Care scare; Enforce existing rules.
A report issued Wednesday by State Auditor Suzanne Bump raised eyebrows by stating that 119 addresses of registered sex offenders matched locations of licensed child-care programs. By week's end, education and public safety officials announced plans for a statewide system to cross-check the addresses of sex offenders and child-care programs.
But what's needed here isn't another policy or procedure so much as enforcement of existing rules.
When officials from the state Department of Early Education and Care looked into the 119 address matches, they found 65 did not match any active business, or matched a college campus or location where the sex offender was studying or working.
Of the remaining 54, 50 were for multi-unit buildings in which a sex offender was residing and a child-care business was operating. As EEC Acting Commissioner Thomas Weber pointed out, business owners cannot control who moves into the building where they merely operate.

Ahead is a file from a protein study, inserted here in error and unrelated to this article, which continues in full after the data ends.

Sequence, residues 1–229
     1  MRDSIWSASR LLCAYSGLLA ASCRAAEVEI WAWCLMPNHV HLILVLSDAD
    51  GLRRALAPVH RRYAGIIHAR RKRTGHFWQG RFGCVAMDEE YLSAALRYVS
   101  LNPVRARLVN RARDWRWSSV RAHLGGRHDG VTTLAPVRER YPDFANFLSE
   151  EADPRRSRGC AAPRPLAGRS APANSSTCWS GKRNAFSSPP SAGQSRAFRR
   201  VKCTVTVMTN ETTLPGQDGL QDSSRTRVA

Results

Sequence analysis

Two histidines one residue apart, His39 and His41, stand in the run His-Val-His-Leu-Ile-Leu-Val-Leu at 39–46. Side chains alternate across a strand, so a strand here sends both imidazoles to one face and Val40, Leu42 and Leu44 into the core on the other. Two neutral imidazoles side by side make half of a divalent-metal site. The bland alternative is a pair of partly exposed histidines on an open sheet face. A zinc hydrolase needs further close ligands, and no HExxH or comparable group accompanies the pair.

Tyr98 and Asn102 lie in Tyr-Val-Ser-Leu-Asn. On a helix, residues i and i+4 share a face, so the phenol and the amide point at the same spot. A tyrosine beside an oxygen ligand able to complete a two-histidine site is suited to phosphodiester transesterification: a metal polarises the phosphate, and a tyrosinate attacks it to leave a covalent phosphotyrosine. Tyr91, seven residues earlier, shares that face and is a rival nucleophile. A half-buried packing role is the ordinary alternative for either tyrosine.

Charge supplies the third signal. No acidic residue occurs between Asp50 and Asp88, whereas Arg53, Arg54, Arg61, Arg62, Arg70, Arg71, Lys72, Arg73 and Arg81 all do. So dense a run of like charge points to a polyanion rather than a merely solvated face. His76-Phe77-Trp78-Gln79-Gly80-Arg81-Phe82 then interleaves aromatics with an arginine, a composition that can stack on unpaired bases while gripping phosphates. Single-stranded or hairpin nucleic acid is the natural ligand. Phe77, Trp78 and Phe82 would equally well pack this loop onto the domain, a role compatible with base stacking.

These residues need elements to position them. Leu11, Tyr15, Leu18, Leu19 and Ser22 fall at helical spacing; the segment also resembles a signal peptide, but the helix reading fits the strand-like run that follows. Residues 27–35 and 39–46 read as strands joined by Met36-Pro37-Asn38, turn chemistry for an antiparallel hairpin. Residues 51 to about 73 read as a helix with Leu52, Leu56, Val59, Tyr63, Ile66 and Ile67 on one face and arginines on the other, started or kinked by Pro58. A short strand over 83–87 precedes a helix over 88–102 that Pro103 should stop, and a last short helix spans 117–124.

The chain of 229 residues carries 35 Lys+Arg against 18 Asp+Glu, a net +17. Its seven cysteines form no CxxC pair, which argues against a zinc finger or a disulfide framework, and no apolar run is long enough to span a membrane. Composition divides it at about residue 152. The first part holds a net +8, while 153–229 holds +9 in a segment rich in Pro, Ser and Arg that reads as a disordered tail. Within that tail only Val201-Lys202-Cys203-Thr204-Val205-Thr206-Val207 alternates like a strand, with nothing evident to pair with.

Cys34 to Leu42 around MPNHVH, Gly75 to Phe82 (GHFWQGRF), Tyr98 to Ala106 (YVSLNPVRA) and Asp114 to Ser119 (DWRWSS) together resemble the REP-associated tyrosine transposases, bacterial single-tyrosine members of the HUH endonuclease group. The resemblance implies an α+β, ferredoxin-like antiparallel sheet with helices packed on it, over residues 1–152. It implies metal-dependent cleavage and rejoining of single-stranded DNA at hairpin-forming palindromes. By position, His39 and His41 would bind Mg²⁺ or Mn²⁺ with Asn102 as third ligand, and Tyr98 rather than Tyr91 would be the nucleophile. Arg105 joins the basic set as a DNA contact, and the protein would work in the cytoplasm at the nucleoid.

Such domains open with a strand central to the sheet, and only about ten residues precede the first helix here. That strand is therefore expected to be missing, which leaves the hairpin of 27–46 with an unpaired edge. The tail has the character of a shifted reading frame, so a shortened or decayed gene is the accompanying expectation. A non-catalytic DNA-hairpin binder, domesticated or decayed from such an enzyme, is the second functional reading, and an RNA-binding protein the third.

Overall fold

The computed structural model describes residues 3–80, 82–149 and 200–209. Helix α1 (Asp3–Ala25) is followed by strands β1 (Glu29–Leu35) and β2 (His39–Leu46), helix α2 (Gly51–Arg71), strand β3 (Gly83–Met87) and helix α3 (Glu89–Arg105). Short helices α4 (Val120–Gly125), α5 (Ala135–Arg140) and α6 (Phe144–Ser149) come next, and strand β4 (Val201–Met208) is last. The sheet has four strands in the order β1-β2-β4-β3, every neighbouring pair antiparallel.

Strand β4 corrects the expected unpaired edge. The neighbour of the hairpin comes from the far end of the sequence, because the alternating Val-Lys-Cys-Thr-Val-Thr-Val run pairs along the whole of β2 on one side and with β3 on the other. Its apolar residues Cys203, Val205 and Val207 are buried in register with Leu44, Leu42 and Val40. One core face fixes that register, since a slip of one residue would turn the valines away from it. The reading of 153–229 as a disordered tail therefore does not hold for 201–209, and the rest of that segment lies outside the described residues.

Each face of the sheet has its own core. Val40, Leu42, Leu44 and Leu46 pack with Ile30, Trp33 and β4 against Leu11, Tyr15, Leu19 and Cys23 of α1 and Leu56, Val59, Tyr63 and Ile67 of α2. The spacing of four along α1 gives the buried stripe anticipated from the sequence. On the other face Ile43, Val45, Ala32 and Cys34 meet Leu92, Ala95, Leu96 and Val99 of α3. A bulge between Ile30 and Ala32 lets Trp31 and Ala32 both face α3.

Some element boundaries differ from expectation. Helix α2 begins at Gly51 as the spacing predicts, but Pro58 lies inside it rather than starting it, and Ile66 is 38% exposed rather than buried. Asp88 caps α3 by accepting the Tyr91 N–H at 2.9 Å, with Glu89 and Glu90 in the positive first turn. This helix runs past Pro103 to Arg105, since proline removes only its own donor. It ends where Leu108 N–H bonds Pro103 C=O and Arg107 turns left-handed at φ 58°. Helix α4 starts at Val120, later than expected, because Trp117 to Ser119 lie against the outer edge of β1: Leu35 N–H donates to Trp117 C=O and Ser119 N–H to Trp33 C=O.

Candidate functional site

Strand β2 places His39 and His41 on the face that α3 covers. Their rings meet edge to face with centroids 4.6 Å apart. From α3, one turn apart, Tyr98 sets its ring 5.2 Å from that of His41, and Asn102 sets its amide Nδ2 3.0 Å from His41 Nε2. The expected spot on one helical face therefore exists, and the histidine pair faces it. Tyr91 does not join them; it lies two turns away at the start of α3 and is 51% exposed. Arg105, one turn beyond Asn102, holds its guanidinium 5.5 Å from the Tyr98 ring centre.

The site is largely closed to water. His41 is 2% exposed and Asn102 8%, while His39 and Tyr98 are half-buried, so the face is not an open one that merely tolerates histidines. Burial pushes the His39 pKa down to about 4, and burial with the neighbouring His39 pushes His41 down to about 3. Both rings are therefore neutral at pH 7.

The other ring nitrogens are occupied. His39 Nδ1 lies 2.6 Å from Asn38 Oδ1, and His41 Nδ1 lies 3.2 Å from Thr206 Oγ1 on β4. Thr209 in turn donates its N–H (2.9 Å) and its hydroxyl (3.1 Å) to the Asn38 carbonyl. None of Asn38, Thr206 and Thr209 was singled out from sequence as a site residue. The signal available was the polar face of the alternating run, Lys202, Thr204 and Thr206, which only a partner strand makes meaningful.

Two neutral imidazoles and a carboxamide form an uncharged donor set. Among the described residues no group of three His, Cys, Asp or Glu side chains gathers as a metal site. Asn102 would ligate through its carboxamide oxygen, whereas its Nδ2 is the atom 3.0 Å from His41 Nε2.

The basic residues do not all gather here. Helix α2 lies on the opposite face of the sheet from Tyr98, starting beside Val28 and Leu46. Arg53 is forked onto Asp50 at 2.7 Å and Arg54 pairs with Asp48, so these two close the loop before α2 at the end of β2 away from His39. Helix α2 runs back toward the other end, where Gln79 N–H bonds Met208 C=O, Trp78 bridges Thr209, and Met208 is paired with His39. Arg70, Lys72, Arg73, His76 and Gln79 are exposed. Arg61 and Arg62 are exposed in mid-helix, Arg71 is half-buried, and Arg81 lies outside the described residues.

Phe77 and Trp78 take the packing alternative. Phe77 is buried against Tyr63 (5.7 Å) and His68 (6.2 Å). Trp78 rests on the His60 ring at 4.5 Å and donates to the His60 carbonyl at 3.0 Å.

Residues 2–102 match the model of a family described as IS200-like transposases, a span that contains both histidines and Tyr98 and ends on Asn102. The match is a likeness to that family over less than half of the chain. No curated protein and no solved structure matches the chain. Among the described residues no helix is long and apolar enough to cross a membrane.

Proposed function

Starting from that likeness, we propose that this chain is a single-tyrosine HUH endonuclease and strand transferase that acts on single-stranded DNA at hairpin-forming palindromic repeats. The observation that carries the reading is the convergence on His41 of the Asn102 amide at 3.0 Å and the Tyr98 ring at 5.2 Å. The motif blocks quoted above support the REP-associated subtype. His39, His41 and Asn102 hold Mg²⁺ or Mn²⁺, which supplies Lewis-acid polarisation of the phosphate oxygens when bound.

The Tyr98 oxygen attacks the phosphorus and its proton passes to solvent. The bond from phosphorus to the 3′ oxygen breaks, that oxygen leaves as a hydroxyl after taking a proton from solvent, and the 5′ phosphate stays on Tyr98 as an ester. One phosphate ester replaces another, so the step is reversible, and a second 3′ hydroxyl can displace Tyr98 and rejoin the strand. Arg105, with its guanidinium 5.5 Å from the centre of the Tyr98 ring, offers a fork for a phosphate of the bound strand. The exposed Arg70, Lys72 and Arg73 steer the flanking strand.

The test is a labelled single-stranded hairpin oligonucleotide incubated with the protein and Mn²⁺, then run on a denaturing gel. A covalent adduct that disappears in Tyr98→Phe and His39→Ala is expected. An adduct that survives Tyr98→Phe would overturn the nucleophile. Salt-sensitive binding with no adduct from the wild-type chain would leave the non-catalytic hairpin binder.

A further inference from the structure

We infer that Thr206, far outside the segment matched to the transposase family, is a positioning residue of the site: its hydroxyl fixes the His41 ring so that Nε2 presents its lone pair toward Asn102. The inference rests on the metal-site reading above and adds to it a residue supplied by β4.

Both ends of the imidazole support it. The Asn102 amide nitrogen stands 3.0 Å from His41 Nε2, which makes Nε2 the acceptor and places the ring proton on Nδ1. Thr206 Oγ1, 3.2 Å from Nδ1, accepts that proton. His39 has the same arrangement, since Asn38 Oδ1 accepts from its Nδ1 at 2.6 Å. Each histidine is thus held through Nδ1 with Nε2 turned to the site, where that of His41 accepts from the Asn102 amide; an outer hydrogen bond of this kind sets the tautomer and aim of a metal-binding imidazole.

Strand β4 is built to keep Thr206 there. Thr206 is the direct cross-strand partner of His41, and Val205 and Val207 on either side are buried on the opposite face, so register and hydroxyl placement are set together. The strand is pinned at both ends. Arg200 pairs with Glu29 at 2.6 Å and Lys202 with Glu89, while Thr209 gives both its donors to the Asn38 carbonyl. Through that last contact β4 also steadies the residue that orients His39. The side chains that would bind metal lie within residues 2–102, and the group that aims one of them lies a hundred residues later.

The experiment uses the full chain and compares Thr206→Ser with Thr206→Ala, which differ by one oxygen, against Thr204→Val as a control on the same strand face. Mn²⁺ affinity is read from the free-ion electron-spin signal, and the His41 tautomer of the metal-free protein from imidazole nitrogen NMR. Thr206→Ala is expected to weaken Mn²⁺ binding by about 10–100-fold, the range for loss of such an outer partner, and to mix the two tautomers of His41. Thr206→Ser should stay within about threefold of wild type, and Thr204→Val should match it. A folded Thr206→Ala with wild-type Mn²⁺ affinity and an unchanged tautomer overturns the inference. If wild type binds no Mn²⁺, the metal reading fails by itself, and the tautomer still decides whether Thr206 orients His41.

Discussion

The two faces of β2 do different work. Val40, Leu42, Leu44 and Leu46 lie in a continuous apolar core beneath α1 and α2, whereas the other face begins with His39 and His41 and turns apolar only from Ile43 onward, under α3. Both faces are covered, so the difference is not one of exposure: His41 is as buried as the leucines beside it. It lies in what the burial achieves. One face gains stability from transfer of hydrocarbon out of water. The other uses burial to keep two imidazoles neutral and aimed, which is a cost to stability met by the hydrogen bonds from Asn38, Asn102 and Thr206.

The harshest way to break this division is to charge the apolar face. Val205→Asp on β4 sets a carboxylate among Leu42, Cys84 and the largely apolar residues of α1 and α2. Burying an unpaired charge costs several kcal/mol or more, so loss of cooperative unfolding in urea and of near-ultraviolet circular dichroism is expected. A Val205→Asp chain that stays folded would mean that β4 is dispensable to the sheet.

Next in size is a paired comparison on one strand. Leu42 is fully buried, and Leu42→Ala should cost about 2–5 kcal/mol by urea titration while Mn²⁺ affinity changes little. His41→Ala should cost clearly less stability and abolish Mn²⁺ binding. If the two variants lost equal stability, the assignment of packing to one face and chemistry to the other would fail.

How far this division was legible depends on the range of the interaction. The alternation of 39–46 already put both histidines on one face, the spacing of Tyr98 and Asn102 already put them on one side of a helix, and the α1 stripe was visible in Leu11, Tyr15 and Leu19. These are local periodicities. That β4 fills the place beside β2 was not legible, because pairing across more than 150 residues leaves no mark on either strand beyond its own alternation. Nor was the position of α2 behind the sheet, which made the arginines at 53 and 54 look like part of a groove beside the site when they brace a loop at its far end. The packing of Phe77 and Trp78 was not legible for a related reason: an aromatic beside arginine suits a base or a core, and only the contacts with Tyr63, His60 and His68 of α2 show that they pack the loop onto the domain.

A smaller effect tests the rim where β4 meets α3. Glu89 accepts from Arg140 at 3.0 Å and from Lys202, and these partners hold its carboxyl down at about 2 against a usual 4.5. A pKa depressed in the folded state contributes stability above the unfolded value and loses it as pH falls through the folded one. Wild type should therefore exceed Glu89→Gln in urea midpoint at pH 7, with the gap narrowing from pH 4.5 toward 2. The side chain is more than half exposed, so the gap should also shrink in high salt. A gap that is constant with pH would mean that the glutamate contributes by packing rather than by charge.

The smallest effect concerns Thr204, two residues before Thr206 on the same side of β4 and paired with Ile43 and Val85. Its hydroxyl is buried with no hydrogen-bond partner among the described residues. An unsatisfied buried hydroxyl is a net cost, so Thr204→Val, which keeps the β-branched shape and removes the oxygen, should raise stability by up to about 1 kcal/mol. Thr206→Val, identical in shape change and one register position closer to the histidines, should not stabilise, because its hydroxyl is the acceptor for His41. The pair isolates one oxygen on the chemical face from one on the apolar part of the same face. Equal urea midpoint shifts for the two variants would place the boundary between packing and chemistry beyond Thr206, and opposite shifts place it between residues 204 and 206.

In just four cases, licenses of child-care providers were revoked because the provider did not report the presence of a sex offender as required by law. And the EEC stated that no children were harmed at any of those locations.
So what's the problem?
The problem, according to the audit, is that EEC is failing to enforce fully the state's Criminal Offender Record Information system, is not conducting the annual unannounced visits to all licensed child-care facilities as required by law, and is not ensuring that the providers are up-to-date on their CORI checks.
We have long maintained that sex offenders at high risk for recidivism belong behind bars or in a secure treatment facility. Be that as it may, the existing system can only protect the public if existing laws and procedures are enforced.
Instead, we seem once again to have a case in which Massachusetts officials are wringing their hands and offering another set of policies and procedures, when what is truly needed is strict and comprehensive enforcement of the rules and regulations that already exist.
Cross-checking the addresses of Level 2 and Level 3 sex offenders against the addresses of licensed child-care facilities is unlikely to reveal any new or useful information. What the auditor's report should do is spur officials at EEC to do their jobs, and child-care providers to comply fully with CORI requirements.